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The Art of the Novel

Critical Prefaces

With an Introduction by R. P. Blackmur and a new Foreword by Colm Tóibín

This collection of prefaces, originally written for the 1909 multi-volume New York Edition of Henry James’s fiction, first appeared in book form in 1934 with an introduction by poet and critic R. P. Blackmur. In his prefaces, James tackles the great problems of fiction writing—character, plot, point of view, inspiration—and explains how he came to write novels such as The Portrait of a Lady and The American. As Blackmur puts it, “criticism has never been more ambitious, nor more useful.”

The latest edition of this influential work includes a foreword by bestselling author Colm Tóibín, whose critically acclaimed novel The Master is told from the point of view of Henry James. As a guide not only to James’s inspiration and execution, but also to his frustrations and triumphs, this volume will be valuable both to students of James’s fiction and to aspiring writers.

400 pages | 5 1/2 x 8 1/2 | © 2011

Literature and Literary Criticism: American and Canadian Literature


“Taken as a whole, this collection of James’s prefaces constitutes the most profound manual of the art of fiction in the language.”


“In this volume all the Prefaces which Henry James wrote for the New York edition of his works have been brought under one cover. The result makes an indispensable item for every student or lover of Henry James and for all students of the novel, which James himself thought ‘the most independent, most elastic, most prodigious of literary forms.’”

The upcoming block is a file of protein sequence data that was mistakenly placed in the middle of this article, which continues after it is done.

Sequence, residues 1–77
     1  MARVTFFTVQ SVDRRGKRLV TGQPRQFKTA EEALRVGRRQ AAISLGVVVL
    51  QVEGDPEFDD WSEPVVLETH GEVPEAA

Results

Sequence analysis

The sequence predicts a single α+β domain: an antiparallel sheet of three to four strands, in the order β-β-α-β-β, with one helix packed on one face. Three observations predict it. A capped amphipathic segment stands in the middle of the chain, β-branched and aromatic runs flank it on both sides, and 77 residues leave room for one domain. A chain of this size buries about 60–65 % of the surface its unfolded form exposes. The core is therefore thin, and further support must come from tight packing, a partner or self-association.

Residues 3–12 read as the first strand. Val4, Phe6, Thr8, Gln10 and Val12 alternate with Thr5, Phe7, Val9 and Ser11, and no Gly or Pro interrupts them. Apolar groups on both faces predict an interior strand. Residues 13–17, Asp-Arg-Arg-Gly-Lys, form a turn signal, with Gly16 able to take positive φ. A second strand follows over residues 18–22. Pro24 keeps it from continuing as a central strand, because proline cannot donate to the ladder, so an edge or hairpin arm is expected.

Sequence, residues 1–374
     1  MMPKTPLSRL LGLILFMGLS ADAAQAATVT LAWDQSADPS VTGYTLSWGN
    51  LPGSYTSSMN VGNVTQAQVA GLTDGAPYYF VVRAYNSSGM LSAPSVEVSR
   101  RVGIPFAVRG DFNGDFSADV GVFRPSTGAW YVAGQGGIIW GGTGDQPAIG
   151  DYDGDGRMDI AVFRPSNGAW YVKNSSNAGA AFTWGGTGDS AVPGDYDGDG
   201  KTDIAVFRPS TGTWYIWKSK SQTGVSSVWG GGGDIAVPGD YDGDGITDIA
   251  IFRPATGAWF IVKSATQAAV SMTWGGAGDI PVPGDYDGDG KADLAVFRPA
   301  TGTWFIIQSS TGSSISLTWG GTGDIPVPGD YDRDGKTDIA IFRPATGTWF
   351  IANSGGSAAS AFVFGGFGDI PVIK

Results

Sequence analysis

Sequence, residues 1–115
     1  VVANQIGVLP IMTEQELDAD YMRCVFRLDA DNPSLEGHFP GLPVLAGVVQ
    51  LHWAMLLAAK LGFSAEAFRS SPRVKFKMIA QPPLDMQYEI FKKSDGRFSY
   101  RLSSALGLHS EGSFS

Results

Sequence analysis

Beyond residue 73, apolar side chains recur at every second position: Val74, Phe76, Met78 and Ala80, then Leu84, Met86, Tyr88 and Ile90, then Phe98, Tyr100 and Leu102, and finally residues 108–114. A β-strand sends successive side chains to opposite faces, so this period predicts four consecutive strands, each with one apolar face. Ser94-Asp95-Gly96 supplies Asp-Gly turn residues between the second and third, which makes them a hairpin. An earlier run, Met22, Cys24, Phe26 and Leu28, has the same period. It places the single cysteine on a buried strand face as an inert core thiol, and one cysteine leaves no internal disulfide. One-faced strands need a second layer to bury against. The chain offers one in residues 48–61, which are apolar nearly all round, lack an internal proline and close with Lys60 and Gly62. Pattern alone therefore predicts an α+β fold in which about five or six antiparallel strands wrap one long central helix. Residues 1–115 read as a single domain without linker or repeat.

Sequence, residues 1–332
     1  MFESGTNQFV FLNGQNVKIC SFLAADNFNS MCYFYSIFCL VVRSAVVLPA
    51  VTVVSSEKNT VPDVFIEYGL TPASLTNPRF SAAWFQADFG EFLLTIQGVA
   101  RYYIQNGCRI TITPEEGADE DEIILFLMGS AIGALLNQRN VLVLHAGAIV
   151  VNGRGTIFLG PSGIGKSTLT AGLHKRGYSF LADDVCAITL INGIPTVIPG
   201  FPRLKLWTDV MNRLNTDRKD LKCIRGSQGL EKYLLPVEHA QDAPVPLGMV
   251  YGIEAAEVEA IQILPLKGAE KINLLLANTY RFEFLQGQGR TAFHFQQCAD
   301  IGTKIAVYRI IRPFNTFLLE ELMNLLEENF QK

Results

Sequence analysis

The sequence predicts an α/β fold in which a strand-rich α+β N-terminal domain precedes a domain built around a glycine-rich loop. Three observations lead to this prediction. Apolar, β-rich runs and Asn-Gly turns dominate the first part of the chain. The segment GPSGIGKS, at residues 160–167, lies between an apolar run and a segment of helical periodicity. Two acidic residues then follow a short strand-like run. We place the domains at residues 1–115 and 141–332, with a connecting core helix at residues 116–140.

“As the story of a story, each preface has its dramatic interest, and those who have not read the stories in the light of each preface have missed half the enjoyment to be got from them.”


Times Literary Supplement

"This is the chief importance of James’s prefaces: that they have made future novelists conscious; that the planned effect has been substituted for the lucky stroke. . . . But to the common reader they should have an almost equal value, for our enjoyment of a novel is increased when we can follow the method of the writer.”

Graham Greene | Spectator

Table of Contents

Foreword by Colm Tóibín
Introduction by Richard P. Blackmur
I. Preface to “Roderick Hudson”
II. Preface to “The American”
III. Preface to “The Portrait of a Lady”
IV. Preface to “The Princess Casamassima”
V. Preface to “The Tragic Muse”
VI. Preface to “The Awkward Age”
VII. Preface to “The Spoils of Poynton”
VIII. Preface to “What Maisie Knew”
IX. Preface to “The Aspern Papers”
X. Preface to “The Reverberator”
XI. Preface to “Lady Barbarina”
XII. Preface to “The Lesson of the Master”
XIII. Preface to “The Author of Beltraffio”
XIV. Preface to “The Altar of the Dead”
XV. Preface to “Daisy Miller”
XVI. Preface to “The Wings of the Dove”
XVII. Preface to “The Ambassadors”
XVIII. Preface to “The Golden Bowl”

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